Friday
March 23, 2007
SGN.org
Volume 35
Issue 12
 
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Wednesday, Oct 23, 2019

 

 



 
2007 Pride planning 'moving forward'
2007 Pride planning 'moving forward'
Contract yet to be signed with Seattle Center, Secretary of State seeks SOAP charitable organization filing

by Robert Raketty - SGN Staff Writer

Planning for the one-day Pride Parade and Festival on Sunday, June 24, is underway according to Seattle Out And Proud and Independent Event Solutions (IES), the event production company that will stage the event. The future of the festival at the Seattle Center was in doubt until Seattle Center reached a tentative agreement with SOAP regarding its $100,026.33 past due 2006 debt.

IES co-founder Dave Meinert told the Seattle Gay News on Wednesday, that organizing for the event was "moving forward" and that announcements could come as early as Thursday, March 22. However, no announcements had been received by the SGN by press time.

Despite the progress, the three parties have yet to sign a formal contract; a step each side has said would come shortly. "Seattle Center and SOAP are in the process of finalizing the tentative agreement reached on March 2," said David Heurtel, Seattle Center's Director of Marketing and Business Development. The responsibility for the delay lay equally among them, he added.

SOAP President Eric Albert-Gauthier asserted that there was "no rush" and that the tentative agreement with the Seattle Center was "solid."

"There is no delay really. We had to get paperwork done with IES and the Center had to get their paperwork done," he said.

The terms of the agreement include a payment plan for SOAP's debt to the Seattle Center, which includes an immediate payment of $50,000 and two payments of $25,000 each over the next two years. SOAP was required to hire a professional event planner and sponsorship development firm. The Seattle Center also will have oversight over the 2007 festival budget.

Corporate sponsorships, according to Albert-Gauthier, will be key to ensuring the financial success of the 2007 Pride Parade and Festival. When asked how sponsorship solicitation was going, he replied: "Fantastic. We had to hold off on some until we completed the deal with Seattle Center, but now things are moving ahead quickly. All sorts of exciting partnerships are happening with national corporations and local businesses."

SOAP had hired Cindy Baccetti last month to solicit sponsorships. Sources also report IES co-founders Marcus Charles and Dave Meinert, owners and investors in several local bars and restaurants, had been soliciting sponsorships from Capitol Hill area bars.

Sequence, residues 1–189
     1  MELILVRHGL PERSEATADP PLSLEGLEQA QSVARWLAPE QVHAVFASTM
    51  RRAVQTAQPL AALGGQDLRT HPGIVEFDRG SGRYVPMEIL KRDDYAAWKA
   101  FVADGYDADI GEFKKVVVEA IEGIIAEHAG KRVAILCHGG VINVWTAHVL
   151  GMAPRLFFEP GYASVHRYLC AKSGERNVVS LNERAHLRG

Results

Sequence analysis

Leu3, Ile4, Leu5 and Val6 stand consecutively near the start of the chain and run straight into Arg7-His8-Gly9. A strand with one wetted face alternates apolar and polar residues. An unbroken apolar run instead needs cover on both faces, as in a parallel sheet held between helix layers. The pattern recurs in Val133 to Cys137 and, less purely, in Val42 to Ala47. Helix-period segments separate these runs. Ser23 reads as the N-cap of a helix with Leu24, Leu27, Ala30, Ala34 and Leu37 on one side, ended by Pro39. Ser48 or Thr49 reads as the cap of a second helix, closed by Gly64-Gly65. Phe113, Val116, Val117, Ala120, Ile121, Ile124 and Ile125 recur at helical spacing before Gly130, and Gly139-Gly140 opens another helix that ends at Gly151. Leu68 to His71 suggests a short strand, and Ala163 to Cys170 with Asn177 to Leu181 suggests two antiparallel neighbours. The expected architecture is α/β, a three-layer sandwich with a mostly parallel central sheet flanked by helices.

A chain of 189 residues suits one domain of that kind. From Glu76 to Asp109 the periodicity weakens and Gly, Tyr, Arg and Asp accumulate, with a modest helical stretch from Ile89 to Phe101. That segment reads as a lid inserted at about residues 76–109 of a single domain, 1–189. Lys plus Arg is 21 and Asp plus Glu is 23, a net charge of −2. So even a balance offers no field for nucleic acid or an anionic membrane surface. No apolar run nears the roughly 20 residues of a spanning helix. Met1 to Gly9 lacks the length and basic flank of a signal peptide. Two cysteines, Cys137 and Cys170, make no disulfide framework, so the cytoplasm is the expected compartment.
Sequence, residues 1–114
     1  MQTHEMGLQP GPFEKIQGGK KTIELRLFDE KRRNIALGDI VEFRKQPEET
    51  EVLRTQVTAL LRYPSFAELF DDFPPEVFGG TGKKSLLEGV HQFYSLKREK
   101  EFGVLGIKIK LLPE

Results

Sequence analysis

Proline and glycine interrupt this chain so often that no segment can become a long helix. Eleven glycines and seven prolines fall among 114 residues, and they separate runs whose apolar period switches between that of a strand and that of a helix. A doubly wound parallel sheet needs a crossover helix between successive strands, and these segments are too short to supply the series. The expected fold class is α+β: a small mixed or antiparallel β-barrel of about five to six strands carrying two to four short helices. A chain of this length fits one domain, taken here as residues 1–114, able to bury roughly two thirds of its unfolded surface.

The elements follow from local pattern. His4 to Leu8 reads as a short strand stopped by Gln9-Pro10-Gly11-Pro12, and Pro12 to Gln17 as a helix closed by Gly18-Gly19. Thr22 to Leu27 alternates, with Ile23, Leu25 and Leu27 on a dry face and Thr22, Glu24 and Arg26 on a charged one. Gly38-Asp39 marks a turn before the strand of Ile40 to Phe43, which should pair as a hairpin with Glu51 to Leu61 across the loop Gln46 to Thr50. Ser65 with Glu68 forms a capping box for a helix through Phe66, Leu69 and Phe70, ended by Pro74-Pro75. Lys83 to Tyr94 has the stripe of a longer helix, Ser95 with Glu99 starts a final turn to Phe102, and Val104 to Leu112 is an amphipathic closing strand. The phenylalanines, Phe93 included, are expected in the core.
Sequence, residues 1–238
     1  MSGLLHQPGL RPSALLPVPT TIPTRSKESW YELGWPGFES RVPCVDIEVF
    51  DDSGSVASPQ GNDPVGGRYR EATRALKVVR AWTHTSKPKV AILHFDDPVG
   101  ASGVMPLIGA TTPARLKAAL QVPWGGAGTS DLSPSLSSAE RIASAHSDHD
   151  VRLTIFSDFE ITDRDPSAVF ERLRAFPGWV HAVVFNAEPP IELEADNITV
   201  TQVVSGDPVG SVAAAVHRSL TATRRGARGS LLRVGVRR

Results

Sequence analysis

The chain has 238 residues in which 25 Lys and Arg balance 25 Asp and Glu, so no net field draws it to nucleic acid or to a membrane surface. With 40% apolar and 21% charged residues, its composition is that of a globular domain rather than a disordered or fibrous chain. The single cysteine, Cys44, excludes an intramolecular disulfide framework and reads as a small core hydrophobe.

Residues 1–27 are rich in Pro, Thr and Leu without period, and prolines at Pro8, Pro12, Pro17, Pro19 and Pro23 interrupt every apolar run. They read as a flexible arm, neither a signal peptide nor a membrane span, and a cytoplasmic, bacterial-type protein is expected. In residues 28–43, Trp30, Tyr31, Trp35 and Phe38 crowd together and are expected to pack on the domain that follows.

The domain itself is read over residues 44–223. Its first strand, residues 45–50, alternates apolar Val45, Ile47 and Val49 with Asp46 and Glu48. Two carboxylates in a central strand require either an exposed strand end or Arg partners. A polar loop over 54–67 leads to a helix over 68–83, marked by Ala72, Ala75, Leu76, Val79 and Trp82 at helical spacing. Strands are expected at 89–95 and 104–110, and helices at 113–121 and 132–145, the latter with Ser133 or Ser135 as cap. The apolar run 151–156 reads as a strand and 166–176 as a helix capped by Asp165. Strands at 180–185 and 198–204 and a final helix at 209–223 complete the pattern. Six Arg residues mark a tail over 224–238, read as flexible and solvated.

SECRETARY OF STATE REQUESTS SOAP CHARITABLE FILING
In a letter dated February 22, 2007, the Secretary of State's office notified Seattle Out And Proud that the organization was out of compliance with the Charitable Solicitations Act, which requires organizations soliciting contributions in Washington State to register as a charitable organization.

"It has come to our attention that Seattle Out And Proud may solicit and/or receive contributions in Washington State to support it's activities," wrote Cindy Sexton of the Secretary of State's Charities Program. "Pursuant to Washington State law, the organization is required to register with our office as a 'charitable organization,' unless otherwise exempted."

The letter gave SOAP 30 days to comply. In addition to an application and a $20 registration fee, SOAP must provide a solicitation report and copies of its most recent IRS filing.

Tabatha Blacksmith of the Secretary of State's Charities Program told the SGN last week that the letter had been sent in response to a consumer inquiry.

"We received an inquiry from a consumer who wanted to know if the organization was registered with the Charities Program," she said. "When we receive a consumer inquiry regarding an unregistered entity that solicits contributions in Washington State, we mail them an inquiry letter informing them of the registration requirements and requesting that they register or respond within 30 days."

Blacksmith said the law aims to protect consumers from "deceptive and dishonest practices in the conduct of soliciting funds" and to discourage "improper use of contributions intended for charitable purposes."

Albert-Gauthier said that SOAP's failure to register with the Secretary of State's Charities Program was an oversight. "It's in process," he said. "Our attorney is taking care of the filing. The paperwork is being filed and expedited with the charities division."

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